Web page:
Importance of Zoonotic Diseases to Animal Health
A healthy animal reduces or prevents the escalation of its cost of production as well as the infection of the human handler(s), which would have otherwise reduced the effectiveness or availability of the production labour. A healthy animal is an additional source of health to man especially in terms of zoonosis and as well as a safe source of food to man. In general, there are two ways that humans can get diseases from poultry. One is being around the live birds and the other is foodborne, through exposure to, or consuming meat or egg products from the infected birds.
Avian influenza is at the top of the list of zoonotic threats, if only because of serious global zoonotic events over the last decade. You would have to be living in a cave not to have seen headlines about “bird flu” and the people it has killed. So what is it, how does it affect birds, and how does it get into humans and cause disease? Here are the basics… Influenza viruses have a complicated classification system that many think of as an alphabet soup. They are first divided into A, B, or C influenzas. The Type A category contains most of the human influenzas and is also the only one seen in most domestic animals, including birds. All influenza A viruses have two prominent proteins – hemagglutinin (H) and neuraminidase (N).
There are 17 varieties of the hemagglutinin protein and 9 varieties of the neuraminidase protein. As a result, all influenza A viruses are categorized according to which type of H and which type of N, resulting in the H#N# designation, or subtype. In contrast to other classes of animals, birds can be infected with all possible combinations H and N, or a total of 153 influenza A subtypes. Most of these viruses do not cause any kind of disease in the birds and so are referred to as “low pathogenic avian influenza” (LPAI) strains. Waterfowl, especially, are known to allow replication of numerous types of avian influenza viruses in their intestinal tract and these subsequently become disseminated as they fly and defecate in the air. Some of these “low pathogenic influenza” viruses can infect poultry below and within poultry they have been known to mutate to become virulent and so a “low pathogenic avian influenza virus” can change to a “highly pathogenic avian influenza virus” (HPAI) and cause disease.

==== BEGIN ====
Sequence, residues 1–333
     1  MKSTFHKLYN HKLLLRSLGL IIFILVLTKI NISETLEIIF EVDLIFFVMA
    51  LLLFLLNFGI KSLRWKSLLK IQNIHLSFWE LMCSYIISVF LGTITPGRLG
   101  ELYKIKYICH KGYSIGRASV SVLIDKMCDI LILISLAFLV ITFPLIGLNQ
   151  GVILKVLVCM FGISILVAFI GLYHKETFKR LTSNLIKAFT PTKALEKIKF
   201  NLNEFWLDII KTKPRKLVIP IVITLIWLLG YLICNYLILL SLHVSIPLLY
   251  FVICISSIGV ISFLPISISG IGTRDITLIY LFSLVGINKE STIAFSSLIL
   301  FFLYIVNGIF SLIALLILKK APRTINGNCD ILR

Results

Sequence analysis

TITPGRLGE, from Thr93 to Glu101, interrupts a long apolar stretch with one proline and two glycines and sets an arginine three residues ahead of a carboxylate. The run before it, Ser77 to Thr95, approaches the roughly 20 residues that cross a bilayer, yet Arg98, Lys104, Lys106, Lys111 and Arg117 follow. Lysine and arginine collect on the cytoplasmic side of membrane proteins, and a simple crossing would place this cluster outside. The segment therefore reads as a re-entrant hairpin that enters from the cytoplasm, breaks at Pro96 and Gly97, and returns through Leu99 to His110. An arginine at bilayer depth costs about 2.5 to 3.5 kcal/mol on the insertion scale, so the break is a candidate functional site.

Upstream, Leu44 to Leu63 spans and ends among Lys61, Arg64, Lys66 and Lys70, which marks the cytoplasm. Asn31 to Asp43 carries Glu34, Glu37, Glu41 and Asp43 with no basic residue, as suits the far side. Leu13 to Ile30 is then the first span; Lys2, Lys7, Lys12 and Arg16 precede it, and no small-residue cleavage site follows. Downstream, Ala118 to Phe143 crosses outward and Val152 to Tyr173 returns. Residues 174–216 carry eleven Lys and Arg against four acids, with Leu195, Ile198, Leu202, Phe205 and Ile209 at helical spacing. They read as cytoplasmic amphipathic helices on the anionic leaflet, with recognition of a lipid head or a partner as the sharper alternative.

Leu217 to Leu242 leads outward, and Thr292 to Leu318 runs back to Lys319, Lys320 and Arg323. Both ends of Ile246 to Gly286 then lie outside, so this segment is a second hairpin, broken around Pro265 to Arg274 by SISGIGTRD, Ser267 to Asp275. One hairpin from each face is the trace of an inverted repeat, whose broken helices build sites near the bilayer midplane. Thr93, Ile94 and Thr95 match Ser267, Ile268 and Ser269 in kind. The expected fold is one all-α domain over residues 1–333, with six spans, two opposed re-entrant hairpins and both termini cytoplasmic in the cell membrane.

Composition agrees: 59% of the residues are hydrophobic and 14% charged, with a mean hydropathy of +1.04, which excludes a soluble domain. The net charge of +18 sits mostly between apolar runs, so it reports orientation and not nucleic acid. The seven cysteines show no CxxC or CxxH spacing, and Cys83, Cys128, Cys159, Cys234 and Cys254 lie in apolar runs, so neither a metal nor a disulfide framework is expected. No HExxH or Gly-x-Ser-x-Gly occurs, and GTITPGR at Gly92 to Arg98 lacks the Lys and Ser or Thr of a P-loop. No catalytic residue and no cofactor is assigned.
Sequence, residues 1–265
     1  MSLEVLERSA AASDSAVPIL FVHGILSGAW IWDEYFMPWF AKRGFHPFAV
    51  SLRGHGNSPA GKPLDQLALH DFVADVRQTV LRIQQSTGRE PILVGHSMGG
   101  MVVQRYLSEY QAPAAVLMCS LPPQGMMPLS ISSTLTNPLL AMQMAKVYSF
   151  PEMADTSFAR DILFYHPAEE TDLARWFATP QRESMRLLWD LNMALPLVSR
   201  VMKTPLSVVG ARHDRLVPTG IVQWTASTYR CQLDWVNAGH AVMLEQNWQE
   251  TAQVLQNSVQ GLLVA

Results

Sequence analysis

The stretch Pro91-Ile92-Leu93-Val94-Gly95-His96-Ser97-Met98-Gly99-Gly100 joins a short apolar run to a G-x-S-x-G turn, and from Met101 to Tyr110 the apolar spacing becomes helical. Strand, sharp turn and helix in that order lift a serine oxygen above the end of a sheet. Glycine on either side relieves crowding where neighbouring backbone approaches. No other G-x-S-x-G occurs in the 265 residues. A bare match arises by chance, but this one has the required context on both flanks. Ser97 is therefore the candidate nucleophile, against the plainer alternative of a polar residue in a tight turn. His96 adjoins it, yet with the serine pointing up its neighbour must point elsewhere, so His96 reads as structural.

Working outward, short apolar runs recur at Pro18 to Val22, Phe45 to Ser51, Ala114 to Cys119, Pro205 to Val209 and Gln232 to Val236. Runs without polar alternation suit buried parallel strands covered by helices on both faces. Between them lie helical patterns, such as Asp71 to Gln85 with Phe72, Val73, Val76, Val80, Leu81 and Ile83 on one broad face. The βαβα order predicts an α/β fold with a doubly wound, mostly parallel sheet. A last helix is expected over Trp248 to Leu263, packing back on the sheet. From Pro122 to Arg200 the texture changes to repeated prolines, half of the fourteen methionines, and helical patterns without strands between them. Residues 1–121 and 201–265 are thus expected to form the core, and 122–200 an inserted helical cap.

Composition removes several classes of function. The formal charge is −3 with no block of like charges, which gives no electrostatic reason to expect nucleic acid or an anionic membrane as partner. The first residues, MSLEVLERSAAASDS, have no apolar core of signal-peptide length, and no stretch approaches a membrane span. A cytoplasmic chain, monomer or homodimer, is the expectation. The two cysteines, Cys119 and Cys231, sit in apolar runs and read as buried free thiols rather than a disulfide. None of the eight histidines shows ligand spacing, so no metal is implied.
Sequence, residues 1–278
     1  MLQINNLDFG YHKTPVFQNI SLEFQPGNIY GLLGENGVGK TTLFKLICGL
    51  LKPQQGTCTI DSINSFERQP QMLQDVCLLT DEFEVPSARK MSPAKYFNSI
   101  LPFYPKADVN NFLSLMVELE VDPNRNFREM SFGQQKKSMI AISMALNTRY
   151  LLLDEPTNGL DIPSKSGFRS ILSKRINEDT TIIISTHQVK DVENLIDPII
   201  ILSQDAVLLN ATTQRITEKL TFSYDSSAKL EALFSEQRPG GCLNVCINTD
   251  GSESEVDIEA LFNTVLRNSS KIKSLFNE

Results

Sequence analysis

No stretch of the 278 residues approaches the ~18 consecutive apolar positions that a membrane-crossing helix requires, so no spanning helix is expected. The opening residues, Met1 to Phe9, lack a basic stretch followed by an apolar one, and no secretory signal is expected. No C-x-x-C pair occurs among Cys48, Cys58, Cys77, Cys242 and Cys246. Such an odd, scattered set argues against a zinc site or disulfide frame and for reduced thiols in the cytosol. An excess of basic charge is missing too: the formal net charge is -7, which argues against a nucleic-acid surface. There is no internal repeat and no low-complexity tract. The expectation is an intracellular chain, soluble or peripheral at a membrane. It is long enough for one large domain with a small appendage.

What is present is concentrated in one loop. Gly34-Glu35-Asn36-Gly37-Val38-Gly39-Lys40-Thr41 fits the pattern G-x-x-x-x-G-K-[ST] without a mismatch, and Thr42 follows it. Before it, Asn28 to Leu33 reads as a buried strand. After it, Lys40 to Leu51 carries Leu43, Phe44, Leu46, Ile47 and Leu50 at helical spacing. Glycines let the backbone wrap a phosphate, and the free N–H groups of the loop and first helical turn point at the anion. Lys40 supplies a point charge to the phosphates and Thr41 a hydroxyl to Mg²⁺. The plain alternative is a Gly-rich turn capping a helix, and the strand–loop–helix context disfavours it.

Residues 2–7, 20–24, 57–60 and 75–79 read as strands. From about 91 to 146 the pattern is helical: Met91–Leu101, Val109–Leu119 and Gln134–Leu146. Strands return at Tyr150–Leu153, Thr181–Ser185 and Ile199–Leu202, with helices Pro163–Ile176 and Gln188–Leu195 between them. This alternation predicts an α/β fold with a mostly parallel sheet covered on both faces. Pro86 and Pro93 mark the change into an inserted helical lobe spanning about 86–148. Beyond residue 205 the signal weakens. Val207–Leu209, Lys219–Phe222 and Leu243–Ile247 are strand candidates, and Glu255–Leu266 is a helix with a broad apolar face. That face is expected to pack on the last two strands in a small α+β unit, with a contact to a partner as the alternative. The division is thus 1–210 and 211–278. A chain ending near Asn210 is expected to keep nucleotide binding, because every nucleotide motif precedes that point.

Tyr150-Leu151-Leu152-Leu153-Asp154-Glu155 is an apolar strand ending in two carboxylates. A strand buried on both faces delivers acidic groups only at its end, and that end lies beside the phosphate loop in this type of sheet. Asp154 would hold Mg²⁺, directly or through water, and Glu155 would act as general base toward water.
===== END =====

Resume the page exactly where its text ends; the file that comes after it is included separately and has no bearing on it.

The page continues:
To date, all of these highly pathogenic viruses have been of the H5 or H7 subtypes. As a result, all H5 or H7 viruses detected in birds are considered “notifiable” because of the possibility that they will mutate and become virulent and kill poultry. Outbreaks of HPAI in poultry are seen sporadically. Infected poultry will die rapidly, often within 48-72 hours of infection. Transmission is extensive and an entire flock will become diseased and die. The pathogenesis involves infection of capillaries with resulting edema and hemorrhage in multiple areas, soon followed by multi-organ failure . Human influenza viruses have historically been of the H1, H2, or H3 subtypes. Consequently, when an H5N1 was isolated from a sick boy in Hong Kong in 1997, the world took note. H5 subtypes are not supposed to infect humans, they are bird viruses! This, or a related virus, subsequently spread through poultry throughout Asia, much of Africa, and eventually Europe. There were more than 600 people infected, with a 59% mortality rate . Most infected people had close contact with poultry or were family members with intimate contact with sick people. The disease in humans was similar to the disease in animals, with multi-organ system failure.